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Moon’s-eye view of total solar eclipse

30 August 2017 Astronomy Now

During the total solar eclipse on Aug. 21, the Lunar Reconnaissance Orbiter Camera captured an image of the Moon’s shadow over a large region of the United States, centered just north of Nashville, Tennessee.

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Two asteroid missions get nod from NASA

11 January 2017 Stephen Clark

NASA has selected two robotic missions to visit asteroids in the early 2020s from a field of proposed interplanetary probes, approving projects to explore a metallic relic from the early solar system and a half-dozen so-called Trojan objects left over from the formation of the outer planets.

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Small impacts are reworking the Moon’s soil faster than scientists thought

13 October 2016 Astronomy Now

The Moon’s surface is being “gardened” — churned by small impacts — more than 100 times faster than scientists previously thought. This means that lunar surface features believed to be young are perhaps even younger than assumed. It also means that any structures placed on the Moon as part of human expeditions will need better protection.

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What happened after the lights came on in the universe?

15 September 2016 Astronomy Now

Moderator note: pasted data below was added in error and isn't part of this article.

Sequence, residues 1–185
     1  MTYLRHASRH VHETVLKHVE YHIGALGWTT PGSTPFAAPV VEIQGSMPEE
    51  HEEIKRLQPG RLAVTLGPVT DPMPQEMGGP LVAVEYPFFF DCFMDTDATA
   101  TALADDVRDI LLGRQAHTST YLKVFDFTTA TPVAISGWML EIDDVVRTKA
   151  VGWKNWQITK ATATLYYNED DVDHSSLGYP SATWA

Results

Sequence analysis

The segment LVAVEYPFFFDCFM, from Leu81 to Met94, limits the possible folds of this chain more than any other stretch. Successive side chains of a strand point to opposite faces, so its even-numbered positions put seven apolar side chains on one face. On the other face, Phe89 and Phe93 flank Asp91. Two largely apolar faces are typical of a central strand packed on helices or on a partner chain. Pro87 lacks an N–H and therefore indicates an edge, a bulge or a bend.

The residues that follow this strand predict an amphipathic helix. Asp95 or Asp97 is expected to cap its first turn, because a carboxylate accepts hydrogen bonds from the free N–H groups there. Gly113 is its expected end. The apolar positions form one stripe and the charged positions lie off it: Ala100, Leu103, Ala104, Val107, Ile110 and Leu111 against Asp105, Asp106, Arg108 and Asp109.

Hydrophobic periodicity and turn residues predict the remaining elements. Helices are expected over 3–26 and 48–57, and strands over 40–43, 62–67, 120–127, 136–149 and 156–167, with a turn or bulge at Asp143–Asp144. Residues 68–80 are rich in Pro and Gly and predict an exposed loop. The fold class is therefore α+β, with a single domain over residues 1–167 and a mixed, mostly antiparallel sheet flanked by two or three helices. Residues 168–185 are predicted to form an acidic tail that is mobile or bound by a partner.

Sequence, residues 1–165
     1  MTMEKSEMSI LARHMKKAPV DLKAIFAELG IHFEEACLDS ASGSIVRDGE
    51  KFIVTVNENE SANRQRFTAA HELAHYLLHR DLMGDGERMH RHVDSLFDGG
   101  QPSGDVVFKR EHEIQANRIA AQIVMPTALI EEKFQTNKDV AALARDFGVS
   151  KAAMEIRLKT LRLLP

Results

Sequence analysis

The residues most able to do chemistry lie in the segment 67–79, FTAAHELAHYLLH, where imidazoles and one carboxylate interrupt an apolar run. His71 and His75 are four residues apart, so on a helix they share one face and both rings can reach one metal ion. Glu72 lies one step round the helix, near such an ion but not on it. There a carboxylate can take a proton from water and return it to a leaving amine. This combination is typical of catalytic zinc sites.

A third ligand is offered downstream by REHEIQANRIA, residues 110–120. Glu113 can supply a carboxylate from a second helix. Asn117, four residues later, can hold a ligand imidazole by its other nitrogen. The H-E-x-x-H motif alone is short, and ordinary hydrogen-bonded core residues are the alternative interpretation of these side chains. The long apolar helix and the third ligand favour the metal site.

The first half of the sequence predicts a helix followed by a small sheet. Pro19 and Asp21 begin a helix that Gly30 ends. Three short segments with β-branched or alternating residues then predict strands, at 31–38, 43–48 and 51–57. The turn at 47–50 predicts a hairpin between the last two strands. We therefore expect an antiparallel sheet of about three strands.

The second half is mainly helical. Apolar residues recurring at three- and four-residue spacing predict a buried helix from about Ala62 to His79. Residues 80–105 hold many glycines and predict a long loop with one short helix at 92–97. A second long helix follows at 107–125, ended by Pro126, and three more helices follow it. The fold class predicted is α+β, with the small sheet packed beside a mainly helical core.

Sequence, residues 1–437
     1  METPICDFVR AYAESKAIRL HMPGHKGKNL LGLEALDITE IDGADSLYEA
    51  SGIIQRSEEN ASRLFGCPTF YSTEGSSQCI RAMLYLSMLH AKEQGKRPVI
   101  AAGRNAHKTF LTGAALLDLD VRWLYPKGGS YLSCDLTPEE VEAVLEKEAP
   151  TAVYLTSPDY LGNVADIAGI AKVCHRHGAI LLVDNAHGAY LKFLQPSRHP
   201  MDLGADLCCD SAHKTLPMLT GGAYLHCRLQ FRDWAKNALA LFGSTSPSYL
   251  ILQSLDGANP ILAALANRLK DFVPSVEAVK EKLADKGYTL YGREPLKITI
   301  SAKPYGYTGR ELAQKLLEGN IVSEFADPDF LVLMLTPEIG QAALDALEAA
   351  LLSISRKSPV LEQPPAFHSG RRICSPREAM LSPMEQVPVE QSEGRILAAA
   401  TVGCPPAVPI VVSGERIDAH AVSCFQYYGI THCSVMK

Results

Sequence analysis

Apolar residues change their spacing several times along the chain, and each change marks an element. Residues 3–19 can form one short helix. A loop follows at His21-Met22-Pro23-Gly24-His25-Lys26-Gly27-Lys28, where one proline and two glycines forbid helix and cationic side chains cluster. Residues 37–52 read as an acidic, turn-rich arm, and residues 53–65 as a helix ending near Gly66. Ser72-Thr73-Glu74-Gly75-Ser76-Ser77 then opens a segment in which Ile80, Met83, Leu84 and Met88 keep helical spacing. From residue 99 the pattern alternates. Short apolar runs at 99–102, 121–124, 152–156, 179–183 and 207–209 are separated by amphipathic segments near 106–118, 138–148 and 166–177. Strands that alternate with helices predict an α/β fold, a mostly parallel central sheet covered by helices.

The National Science Foundation has approved funding to expand the Hydrogen Epoch of Reionisation Array (HERA) in South Africa. Upgrading the number of antennas from 19 to 240 by the year 2018 will enable HERA to study more clearly the impact of cosmic dawn, the moment a few hundred million years after the Big Bang when the first stars and galaxies blazed awake.

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Exiled exoplanet kicked out of star’s local neighbourhood?

1 December 2015 Astronomy Now

A planet discovered last year sitting at an unusually large distance from its star — 16 times farther than Pluto is from the Sun — may have been kicked out of its birthplace close to the star in a process similar to what may have happened early in our own solar system’s history. The planet’s 13-million-year-old parent star is known as HD 106906 and lies 300 light-years away.

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Mars’ moon Phobos is slowly falling apart

10 November 2015 Astronomy Now

Orbiting a mere 3,700 miles above the surface of Mars, Phobos is closer to its planet than any other moon in the solar system. Mars’ gravity is drawing in the 17 × 14 × 11 mile body by about 6.6 feet (2 metres) every hundred years. The long, shallow grooves lining the surface of Phobos are likely early signs of its structural failure as scientists expect it to be pulled apart.